A Blog for Pastors and Intercessors
Someone once said that the mark of a great church is in how much responsibility it is willing to take for reaching the people who surround it. There are some great churches whose doors are always open because they’re in business 24/7. And the doors swing out just as easily as they swing in…sending ministry into the streets and barrios and sin-depraved culture. The small-minded church is institutional in its thinking pattern: “We’re here…we’ve got the goods…if you desire what we have you know where we are.”
The problem is, people need Jesus in a major way. But tragically they often neglect the Savior by neglecting the institution that represents Him. And that’s precisely why great churches…the ones that accurately reflect the compassionate heart of the Good Shepherd are always expanding in the direction of the needs of the people who surround it. They know that they cannot always wait for a movement to bring the needy to them, so they mount a movement that moves outward with the Gospel.
Now this truth presented on a more personal note. Several days after my father passed away, a good friend remarked, “Paul, you have now become the family patriarch.” I understand that as the eldest male in the family, there is an inherited responsibility of prayer and care that is mine. And I accept it with equal parts of awe and fear. It is not a position that is taken lightly.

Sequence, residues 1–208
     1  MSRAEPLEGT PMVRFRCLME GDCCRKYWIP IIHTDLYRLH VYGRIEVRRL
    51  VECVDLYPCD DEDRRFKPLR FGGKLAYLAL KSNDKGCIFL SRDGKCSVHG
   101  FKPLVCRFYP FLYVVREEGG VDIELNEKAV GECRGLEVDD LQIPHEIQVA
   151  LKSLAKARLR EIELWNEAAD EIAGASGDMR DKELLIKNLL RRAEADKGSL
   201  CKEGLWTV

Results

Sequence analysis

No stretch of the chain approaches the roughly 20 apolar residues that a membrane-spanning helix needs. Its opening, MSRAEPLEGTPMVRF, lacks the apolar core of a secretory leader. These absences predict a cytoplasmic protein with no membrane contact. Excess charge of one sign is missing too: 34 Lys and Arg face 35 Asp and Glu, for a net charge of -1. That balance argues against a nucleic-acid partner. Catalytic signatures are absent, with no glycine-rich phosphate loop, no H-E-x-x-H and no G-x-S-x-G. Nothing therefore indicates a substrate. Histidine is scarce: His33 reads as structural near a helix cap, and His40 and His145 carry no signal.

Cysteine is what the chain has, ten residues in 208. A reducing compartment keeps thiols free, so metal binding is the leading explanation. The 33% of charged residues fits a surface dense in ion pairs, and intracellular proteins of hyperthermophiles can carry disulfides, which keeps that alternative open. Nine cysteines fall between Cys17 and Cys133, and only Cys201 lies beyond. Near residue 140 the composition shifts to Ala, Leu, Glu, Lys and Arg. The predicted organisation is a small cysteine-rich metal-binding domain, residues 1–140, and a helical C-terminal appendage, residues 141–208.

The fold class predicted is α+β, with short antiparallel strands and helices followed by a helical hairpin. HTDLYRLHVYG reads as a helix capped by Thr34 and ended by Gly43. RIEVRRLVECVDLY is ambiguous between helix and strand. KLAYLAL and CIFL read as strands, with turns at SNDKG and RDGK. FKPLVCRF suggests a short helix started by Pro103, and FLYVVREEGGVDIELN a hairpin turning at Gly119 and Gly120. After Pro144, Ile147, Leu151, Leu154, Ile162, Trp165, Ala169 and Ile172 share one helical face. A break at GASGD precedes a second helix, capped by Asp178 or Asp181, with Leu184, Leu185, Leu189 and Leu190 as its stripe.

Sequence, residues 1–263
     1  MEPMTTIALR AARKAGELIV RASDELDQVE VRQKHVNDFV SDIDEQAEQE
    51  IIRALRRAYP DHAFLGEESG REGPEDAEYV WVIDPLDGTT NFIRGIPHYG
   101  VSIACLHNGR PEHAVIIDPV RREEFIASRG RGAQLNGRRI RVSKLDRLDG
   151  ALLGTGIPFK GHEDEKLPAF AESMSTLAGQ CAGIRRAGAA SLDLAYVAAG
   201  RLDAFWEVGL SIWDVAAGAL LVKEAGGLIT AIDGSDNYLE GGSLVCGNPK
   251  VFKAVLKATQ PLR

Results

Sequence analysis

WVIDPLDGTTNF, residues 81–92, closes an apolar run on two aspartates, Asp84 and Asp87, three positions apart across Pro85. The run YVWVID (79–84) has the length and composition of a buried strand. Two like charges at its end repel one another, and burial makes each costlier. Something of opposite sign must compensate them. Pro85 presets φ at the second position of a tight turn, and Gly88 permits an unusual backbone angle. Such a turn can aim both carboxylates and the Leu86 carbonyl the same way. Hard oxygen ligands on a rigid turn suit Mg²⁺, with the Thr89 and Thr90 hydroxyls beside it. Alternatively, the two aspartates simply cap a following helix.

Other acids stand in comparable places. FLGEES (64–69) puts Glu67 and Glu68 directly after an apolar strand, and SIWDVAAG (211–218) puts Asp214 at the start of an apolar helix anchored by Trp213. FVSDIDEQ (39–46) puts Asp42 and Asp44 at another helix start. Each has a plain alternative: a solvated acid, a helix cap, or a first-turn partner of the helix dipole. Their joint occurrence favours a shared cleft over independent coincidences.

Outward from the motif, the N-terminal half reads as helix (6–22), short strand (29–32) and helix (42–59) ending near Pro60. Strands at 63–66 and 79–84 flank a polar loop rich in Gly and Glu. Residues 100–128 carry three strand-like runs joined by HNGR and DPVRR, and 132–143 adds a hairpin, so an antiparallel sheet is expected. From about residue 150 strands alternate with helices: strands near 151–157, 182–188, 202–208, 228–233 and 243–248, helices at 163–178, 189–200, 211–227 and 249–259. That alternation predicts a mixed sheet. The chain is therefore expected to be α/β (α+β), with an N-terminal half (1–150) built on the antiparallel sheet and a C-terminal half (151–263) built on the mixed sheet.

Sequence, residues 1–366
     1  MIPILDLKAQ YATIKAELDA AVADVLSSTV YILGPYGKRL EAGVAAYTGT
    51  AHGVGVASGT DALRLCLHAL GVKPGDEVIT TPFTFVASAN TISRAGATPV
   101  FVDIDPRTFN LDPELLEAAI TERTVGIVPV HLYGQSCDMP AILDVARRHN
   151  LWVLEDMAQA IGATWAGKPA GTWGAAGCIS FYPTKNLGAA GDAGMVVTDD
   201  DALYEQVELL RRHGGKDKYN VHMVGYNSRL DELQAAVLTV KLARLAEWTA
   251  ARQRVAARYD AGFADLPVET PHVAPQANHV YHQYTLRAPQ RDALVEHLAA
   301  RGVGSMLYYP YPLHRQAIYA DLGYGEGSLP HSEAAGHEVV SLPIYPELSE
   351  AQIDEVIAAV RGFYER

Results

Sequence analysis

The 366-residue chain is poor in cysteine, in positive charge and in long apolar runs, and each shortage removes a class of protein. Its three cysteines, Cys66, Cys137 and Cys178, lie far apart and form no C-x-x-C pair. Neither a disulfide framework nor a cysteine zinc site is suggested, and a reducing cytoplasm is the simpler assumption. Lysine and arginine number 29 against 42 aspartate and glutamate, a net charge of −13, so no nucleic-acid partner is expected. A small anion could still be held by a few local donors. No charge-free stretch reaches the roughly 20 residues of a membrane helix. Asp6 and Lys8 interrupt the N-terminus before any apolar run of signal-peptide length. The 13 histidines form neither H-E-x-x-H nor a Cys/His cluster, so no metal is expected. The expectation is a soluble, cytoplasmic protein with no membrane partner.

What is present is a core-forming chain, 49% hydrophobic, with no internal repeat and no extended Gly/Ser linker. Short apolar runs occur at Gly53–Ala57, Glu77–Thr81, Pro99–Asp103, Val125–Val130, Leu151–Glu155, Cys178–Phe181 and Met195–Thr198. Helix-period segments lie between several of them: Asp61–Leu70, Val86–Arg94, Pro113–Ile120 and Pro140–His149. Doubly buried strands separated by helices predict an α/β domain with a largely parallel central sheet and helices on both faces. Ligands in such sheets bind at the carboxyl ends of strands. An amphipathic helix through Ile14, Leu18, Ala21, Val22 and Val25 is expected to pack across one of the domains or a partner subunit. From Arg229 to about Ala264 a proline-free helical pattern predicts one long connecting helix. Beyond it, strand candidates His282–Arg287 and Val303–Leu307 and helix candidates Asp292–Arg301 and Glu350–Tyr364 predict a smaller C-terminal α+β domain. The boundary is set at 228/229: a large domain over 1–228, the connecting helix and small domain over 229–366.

The truth of the matter is that I have been faithful in praying for my family, both immediate and the more far-flung variety. It’s been my joy to hold each one before the Lord asking his protection, blessing and guidance on a daily basis. But I wish to be more than a small-minded intercessor. I wish to enlarge the list of those I feel responsible for. I want to pick up tomorrow’s newspaper and read of God in action in the political scene, in the affairs of third world nations, in matters of strengthening families throughout our nation…and be aware that my prayers were in some small way instrumental in those ‘acts of divine intervention.’
And so, this week and on into the future I want to be part of a great church with expanding responsibility toward this culture, and I want to be a great intercessor whose prayers begin with his family and then move out into this lamentable world of need and growing desperation.